He went with no expectations, just a desire to support what he heard was a local film about an inner-city Boy Scout.
Ten minutes in, he was captivated. An hour in, he resolved to encourage his young grandsons to regularly visit their father in prison as the main character did instead of just phone calls and letters.
“I realized that we as a collective family had agreed … that they weren’t at that age that they should be visiting their father,” Small said.
“But the way (the main character’s) father was portrayed, I thought maybe I’m not doing the right thing. We thought children don’t need to be exposed to that, but boys need to be exposed to their dad. My son is a great dad.”
The movie is the first feature film from 29-year-old Richmond native Patrick Ricks. Set in Richmond, a mother desperate to keep her middle-school son out of prison like his father signs him up for Boy Scouts, where he connects with a band of brothers.
Soon after, he witnesses a murder and must choose between the code of the streets — keep quiet — or the Scouts’ code.
The movie, co-produced by actor and director Tim Reid, was filmed last summer at such local settings as Belle Isle, Church Hill, Jackson Ward, Mosby Court and Pocahontas State Park.
Though the cast is mostly African-American, including local radio personality Clovia Lawrence and 11-year-old Richmond rapper Young Prince Charles, the boy-becomes-man storyline is universal, he said. Ricks hopes the film will inspire all youth to consider “choices, chances and consequences” and challenge stereotypes.
“Everybody has to make a choice. Are you going to do the right thing or the wrong thing?” he said. “There’s a different side to the inner-city youth.”
Ricks, who goes by Praheme in the film world, was a Boy Scout in the original Troop 491 at Providence Park Baptist Church in Richmond’s North Side. He attributes much of his core values to the time he spent with his troop: leadership, achieving goals and helping others.
There has been a Boy Scouts troop at the church since at least the 1950s, said the Rev. Jerome Clayton Ross, the troop chaplain who wore his Scout uniform to a showing of the film at the Byrd Theatre in May.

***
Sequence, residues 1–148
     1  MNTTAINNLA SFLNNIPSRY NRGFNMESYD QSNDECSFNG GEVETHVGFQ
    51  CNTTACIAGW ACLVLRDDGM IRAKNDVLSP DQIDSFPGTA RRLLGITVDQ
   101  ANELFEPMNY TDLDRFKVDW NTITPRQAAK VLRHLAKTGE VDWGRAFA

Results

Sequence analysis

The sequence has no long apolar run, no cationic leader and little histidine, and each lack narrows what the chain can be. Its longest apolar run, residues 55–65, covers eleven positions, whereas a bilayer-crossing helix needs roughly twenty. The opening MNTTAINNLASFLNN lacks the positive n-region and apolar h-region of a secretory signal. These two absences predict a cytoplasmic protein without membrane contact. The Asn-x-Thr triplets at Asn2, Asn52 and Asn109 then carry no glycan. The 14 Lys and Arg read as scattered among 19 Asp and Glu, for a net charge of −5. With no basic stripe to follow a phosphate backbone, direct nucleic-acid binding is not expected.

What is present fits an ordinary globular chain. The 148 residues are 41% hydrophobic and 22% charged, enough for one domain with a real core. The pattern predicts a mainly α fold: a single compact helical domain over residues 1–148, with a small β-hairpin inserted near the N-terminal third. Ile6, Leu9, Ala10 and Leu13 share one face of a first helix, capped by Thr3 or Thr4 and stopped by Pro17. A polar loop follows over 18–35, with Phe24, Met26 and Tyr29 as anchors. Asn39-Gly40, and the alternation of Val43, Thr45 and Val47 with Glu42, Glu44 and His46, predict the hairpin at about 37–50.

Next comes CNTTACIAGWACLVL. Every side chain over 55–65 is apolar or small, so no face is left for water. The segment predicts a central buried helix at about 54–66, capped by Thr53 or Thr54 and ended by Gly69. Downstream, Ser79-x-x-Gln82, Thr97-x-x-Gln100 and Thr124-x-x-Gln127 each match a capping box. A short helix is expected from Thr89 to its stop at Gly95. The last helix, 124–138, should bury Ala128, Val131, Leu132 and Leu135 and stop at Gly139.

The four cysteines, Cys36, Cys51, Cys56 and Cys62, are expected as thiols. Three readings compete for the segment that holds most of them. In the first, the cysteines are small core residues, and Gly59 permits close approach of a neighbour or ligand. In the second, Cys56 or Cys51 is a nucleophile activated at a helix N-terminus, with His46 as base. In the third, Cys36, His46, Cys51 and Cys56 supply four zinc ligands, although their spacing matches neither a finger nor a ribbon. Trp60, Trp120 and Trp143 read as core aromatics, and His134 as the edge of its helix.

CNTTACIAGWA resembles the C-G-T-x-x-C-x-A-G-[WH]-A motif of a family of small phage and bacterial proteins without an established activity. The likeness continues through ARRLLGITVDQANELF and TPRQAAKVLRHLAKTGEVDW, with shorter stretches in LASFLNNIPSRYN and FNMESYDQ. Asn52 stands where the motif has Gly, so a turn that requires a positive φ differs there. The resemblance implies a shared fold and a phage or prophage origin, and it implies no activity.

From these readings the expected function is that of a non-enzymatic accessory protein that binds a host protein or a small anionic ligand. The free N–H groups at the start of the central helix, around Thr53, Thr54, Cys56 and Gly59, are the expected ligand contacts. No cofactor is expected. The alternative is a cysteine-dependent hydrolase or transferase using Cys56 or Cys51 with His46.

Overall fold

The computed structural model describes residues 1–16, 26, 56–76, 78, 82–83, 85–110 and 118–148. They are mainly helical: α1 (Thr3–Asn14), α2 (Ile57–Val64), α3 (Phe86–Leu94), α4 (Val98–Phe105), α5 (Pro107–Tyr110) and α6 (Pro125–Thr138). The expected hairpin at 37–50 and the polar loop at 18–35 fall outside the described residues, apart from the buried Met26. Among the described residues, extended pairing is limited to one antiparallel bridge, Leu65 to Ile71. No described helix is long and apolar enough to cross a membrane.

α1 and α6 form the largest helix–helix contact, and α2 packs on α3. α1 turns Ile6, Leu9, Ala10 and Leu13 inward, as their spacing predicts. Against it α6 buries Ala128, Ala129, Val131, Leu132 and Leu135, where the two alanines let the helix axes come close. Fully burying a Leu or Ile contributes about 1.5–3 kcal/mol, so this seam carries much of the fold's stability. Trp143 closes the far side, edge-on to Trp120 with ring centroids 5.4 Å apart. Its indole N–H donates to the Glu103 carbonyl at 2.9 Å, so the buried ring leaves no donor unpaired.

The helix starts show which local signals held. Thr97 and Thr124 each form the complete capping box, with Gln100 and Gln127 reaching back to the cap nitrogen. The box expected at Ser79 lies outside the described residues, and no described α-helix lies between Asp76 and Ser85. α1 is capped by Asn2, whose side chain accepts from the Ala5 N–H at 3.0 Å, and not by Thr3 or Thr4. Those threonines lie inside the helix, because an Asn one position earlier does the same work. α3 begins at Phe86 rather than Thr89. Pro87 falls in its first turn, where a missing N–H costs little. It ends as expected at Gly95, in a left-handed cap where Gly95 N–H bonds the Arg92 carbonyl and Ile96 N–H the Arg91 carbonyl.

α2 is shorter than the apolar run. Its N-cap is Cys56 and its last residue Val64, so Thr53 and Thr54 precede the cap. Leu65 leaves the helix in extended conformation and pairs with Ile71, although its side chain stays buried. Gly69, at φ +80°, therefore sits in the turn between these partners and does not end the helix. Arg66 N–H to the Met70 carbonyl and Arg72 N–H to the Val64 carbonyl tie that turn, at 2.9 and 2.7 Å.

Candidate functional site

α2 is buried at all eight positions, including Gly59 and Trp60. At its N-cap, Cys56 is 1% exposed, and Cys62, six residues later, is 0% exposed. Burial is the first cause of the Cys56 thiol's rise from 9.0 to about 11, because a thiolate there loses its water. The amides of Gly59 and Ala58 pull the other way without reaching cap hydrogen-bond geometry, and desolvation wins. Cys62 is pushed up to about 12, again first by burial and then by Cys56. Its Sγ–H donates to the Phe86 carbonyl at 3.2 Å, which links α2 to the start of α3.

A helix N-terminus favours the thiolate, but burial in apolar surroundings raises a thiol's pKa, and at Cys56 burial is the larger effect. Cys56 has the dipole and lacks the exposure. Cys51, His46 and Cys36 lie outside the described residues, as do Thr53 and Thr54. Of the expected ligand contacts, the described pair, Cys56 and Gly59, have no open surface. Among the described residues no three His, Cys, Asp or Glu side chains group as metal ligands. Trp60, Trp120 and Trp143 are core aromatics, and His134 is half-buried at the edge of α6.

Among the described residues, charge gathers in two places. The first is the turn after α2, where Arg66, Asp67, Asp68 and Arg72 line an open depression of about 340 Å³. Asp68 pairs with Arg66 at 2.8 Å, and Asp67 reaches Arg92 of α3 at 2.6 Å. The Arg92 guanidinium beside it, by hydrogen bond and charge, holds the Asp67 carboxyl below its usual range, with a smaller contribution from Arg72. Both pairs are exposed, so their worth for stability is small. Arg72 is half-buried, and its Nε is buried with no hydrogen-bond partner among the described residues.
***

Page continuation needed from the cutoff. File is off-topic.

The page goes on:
There are shootings, drugs and gangs “right outside our doors,” he said, and from Ricks’ troop, one is a lawyer, another a doctor, several studied abroad in college and one is on the church’s board.
The Boy Scouts “is a counter to gang culture,” he said. “The acute need for it is still there.”
Ricks’ journey into filmmaking began his junior year at Richmond Community High School in Jonette Mungo’s theater class. She assigned a final project for students to write, cast, direct, film and edit a short film.
“Once I got my hands on a camera, I just fell in love with it,” Ricks said.
The next year, he made videos of his senior class and sold them to his classmates.
Mungo kept his first film. She said she saw great potential despite what she viewed as a bit of high school ego.
“Troop 491” is a mature storyline of a boy’s passage into manhood that could compete with mainstream movies, she said.
“He got outside of himself. This film is not about Praheme. It’s not about Patrick. It’s about people who live in a community,” she said, “who take care of each other.”
When Ricks graduated from Florida State University’s film school with a master’s in 2010, he didn’t want to climb the film industry ladder in New York or Los Angeles — “just make movies,” he said.
Utilizing his local contacts, including film veterans Tim and Daphne Reid in Petersburg, Ricks made the most of his less than $500,000 budget.
“He didn’t just grab an iPhone and make a movie and expect people to see it on the screen,” Reid said, adding that Ricks’ movie is one of the best firsts he has seen in his 40-year career.
The movie also touches on Ricks’ and Reid’s shared passion to empower and mentor youth, a once-assumed task of elders that Reid said is waning.
“People are too busy or too afraid to deal with these young men going through this maturation period,” he said. “(Baby boomers) are the first generation in human existence that has refused to mentor the next generation” on a mass scale, he said.
So when Ricks showed up at New Millennium Studios in Petersburg ready to make the film, Reid gladly agreed to help.
“It is my duty to pass it on. I can’t do anything with it when I’m gone,” Reid said.
Richmond City Council member Cynthia Newbille related the incarcerated father’s high expectations for his son in the movie as a crucial element to communities raising the next generation.
“These are folks who others might have written them off,” she said. “There’s a clear indication of a bright future even in the harshest of circumstances.”
Better Housing Coalition president Greta Harris, who invited Newbille to the movie Wednesday night, said living with limited income does not equate to limited potential.
“This movie is a great conversation-starter for Richmond,” she said.
If transformation started inside a community, children wouldn’t feel the need to search for belonging in gangs, Daphne Reid said. “The community has to recognize and take ownership of their problems and not leave that for someone else to do like schools or other outside services so they don’t have to look for families outside of their families.”